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Killed on camera: review of Into the Night by Sarah Bailey

June 5, 2018

‘Like always when I work a case, I feel time shifting around me…the dead tend to exist in a world that ignores traditional time zones, and part of them stays alive until we find their killer. There remains for each of them a soft pulse of hope that justice might still be possible one day, lurking in the smallest of clues.’

Detective Sergeant Gemma Woodstock is trapped in a downward spiral. Her marriage has deteriorated, her son is slipping further and further away from her, and she feels an intolerable emptiness that can only be dulled, albeit momentarily, by alcohol and a string of casual flings.

When a local homeless man is stabbed to death, Gemma is immediately drawn to the case. She obsessively resolves to find the killer, but her efforts are disrupted when a famous actor is murdered on the set of his new film. The celebrity death takes priority, and Gemma is paired up with Fleet – a sarcastic and anger-prone detective who doesn’t like to cooperate – to solve the new case.

The two grapple with the immensity of the task at hand – suspects raise more questions than they answer, and it seems that no one can be trusted. Despite the murder being caught on camera and witnessed by an entire casting crew, evidence is scarce. The case seems like a lost cause – that is, until they discover a vital piece of evidence that connects the two murders.

How can a homeless man and a celebrity fall victim to the same crime? Stabbed in the exact same place, by the very same weapon?

Into the Night by Sarah Bailey is a captivating novel that delivers all the trademarks of a successful crime thriller – suspense, mystery, and meticulous attention to detail. It exceeds expectations, however, by being so much more than a murder mystery. This book is, at its core, a book about self-sabotage – about the ways we hurt ourselves and others, the vices that consume us, and the loneliness that pervades our modern lives. Sarah’s characters are remarkably true to life – despite being troubled and ‘hollow’, they are characters of substance, layered and interesting in their thoughts and actions.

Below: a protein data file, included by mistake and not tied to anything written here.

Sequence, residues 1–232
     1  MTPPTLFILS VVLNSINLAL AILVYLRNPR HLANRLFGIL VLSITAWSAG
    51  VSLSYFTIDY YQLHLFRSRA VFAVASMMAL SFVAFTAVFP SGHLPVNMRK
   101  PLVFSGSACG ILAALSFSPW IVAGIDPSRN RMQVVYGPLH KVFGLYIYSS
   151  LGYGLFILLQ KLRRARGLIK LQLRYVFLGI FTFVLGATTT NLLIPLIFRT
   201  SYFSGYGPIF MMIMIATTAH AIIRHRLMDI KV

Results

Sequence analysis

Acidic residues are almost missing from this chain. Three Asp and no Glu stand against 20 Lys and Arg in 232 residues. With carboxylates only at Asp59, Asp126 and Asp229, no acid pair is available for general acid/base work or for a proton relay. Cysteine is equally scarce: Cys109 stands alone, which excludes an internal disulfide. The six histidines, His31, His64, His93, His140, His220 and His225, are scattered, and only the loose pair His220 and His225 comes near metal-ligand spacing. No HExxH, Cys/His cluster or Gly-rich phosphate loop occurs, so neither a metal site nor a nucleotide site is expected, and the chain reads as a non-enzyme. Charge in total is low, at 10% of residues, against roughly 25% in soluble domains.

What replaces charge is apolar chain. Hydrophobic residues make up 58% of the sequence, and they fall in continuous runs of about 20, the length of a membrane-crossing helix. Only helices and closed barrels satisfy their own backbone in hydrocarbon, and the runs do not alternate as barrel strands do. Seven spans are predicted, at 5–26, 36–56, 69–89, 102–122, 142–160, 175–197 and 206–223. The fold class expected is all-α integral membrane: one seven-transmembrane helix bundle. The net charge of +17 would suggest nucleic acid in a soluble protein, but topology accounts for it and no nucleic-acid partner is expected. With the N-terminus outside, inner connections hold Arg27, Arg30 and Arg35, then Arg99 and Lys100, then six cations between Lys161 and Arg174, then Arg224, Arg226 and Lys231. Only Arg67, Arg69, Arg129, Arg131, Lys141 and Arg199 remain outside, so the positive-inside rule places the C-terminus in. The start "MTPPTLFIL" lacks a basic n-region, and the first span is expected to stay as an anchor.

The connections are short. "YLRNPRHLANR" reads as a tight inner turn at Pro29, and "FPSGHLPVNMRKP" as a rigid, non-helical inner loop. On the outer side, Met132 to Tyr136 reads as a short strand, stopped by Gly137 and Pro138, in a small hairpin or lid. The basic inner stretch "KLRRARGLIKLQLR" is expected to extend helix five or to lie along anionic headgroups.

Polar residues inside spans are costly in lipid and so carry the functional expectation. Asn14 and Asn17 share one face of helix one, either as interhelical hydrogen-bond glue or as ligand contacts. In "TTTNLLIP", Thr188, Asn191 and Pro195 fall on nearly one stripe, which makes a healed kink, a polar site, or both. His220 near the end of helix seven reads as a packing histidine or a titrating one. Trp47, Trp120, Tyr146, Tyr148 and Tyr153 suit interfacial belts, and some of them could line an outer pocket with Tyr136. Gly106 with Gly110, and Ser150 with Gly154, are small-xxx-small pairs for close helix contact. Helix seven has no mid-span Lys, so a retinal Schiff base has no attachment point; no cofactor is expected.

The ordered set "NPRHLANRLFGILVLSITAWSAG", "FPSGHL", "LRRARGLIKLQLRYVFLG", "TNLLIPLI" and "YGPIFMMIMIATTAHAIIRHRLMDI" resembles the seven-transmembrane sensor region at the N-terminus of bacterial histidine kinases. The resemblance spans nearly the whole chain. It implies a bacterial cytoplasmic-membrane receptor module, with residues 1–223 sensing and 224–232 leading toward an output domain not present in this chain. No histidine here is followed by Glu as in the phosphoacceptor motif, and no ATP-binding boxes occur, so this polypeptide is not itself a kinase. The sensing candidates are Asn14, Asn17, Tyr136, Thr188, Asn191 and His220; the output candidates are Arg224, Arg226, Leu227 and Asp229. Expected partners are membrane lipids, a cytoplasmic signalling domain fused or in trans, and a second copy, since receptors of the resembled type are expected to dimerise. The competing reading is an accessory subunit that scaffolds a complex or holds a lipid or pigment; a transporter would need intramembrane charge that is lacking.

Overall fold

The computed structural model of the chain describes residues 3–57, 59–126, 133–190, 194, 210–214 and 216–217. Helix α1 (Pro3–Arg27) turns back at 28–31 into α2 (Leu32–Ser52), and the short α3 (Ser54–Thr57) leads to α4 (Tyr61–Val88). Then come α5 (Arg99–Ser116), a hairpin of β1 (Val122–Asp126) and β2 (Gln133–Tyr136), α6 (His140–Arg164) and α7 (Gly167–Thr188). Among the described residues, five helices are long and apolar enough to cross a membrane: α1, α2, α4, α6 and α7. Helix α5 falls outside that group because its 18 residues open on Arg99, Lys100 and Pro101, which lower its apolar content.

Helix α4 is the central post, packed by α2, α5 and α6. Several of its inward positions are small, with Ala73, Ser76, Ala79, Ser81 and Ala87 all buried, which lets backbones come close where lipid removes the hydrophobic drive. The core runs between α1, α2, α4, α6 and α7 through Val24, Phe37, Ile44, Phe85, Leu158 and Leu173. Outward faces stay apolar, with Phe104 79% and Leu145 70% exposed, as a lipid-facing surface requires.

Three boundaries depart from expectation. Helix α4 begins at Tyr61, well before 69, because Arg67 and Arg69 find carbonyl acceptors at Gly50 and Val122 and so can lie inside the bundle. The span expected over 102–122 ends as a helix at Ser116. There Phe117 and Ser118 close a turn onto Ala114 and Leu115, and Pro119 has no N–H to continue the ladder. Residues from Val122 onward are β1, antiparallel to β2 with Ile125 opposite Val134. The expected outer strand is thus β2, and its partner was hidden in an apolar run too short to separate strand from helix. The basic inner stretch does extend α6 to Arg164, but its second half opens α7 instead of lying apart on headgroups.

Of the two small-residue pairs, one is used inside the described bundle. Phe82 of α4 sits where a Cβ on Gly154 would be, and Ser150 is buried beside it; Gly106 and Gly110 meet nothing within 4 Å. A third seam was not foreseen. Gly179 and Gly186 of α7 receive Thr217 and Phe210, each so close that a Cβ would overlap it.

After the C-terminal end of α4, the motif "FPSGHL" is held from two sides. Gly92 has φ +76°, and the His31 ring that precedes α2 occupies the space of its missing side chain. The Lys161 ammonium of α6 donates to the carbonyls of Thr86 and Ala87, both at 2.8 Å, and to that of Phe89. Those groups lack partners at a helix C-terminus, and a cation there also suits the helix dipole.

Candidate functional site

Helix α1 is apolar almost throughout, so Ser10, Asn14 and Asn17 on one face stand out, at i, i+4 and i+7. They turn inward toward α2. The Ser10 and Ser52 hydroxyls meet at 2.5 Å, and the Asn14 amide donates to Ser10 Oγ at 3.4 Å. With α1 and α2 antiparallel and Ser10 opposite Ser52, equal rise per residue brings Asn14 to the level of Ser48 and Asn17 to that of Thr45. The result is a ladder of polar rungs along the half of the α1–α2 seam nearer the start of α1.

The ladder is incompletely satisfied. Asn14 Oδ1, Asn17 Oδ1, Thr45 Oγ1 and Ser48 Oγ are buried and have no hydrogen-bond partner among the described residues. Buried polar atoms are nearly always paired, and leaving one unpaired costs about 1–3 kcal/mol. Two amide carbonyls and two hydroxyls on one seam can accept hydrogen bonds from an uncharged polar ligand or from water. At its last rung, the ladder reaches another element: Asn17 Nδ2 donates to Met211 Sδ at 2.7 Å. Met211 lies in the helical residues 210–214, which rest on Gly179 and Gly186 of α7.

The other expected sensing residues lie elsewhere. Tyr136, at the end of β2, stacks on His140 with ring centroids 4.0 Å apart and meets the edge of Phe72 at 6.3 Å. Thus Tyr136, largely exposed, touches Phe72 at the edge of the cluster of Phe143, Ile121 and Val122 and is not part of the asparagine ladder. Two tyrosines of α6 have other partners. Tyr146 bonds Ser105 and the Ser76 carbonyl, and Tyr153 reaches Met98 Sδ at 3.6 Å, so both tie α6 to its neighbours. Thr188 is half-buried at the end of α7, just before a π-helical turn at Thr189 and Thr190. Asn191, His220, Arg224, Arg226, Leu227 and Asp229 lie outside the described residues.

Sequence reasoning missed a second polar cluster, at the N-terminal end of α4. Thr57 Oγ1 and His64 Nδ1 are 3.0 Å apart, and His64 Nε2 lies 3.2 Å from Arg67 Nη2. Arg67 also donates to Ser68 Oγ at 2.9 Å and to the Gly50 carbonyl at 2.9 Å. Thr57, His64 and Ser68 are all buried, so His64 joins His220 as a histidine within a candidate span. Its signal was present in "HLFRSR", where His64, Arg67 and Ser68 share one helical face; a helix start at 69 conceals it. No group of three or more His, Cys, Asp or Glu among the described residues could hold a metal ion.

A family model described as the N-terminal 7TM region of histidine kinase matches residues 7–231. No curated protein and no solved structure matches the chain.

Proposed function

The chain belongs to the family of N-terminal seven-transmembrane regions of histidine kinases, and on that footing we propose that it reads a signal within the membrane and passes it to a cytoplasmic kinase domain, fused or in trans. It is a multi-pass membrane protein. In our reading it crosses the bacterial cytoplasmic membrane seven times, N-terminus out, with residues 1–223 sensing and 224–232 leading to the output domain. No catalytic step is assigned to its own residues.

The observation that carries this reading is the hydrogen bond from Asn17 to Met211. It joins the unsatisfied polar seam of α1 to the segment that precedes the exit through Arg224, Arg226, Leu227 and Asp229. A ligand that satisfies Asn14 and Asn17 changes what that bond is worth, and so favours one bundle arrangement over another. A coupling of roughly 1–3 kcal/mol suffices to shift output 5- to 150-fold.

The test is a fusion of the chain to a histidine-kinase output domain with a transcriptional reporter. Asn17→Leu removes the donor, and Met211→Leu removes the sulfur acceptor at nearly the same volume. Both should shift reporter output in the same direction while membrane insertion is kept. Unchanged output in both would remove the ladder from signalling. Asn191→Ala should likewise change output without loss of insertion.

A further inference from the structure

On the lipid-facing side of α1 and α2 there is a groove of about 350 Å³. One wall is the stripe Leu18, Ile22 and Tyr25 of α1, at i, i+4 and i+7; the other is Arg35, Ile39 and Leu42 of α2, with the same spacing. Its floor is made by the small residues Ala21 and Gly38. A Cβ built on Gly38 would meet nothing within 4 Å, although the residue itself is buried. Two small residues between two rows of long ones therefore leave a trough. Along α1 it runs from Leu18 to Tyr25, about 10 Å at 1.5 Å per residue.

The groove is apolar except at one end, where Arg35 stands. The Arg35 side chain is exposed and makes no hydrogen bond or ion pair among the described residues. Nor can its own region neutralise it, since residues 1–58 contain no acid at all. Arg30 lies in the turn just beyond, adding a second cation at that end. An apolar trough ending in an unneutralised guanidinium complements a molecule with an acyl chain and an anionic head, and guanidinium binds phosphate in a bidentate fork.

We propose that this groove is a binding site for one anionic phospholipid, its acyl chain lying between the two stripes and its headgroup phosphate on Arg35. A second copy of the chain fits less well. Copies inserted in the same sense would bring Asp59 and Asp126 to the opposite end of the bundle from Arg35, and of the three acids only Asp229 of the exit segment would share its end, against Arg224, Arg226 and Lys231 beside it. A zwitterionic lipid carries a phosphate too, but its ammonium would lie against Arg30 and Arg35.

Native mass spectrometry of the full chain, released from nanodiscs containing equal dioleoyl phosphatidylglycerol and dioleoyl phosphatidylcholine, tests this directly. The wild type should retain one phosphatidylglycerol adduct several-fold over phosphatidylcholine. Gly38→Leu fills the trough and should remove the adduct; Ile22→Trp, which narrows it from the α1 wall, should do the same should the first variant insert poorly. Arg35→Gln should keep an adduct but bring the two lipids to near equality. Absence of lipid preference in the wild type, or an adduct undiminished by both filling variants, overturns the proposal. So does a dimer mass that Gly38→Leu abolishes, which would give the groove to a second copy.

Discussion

Sarah’s writing is clever and intimate. She has a talent for dialogue that reads as effortless and flowing, with distinct voices carried consistently throughout the entire novel. Readers looking for a crime fiction book with a strong, female lead, look no further – Into the Night is sure to please.

About the author:

Sarah Bailey is a Melbourne based writer with a background in advertising and communications. She has two young children and currently works as a director of creative projects company Mr Smith. Over the past five years she has written a number of short stories and opinion pieces. Into the Night is her second novel.

Purchase a copy here


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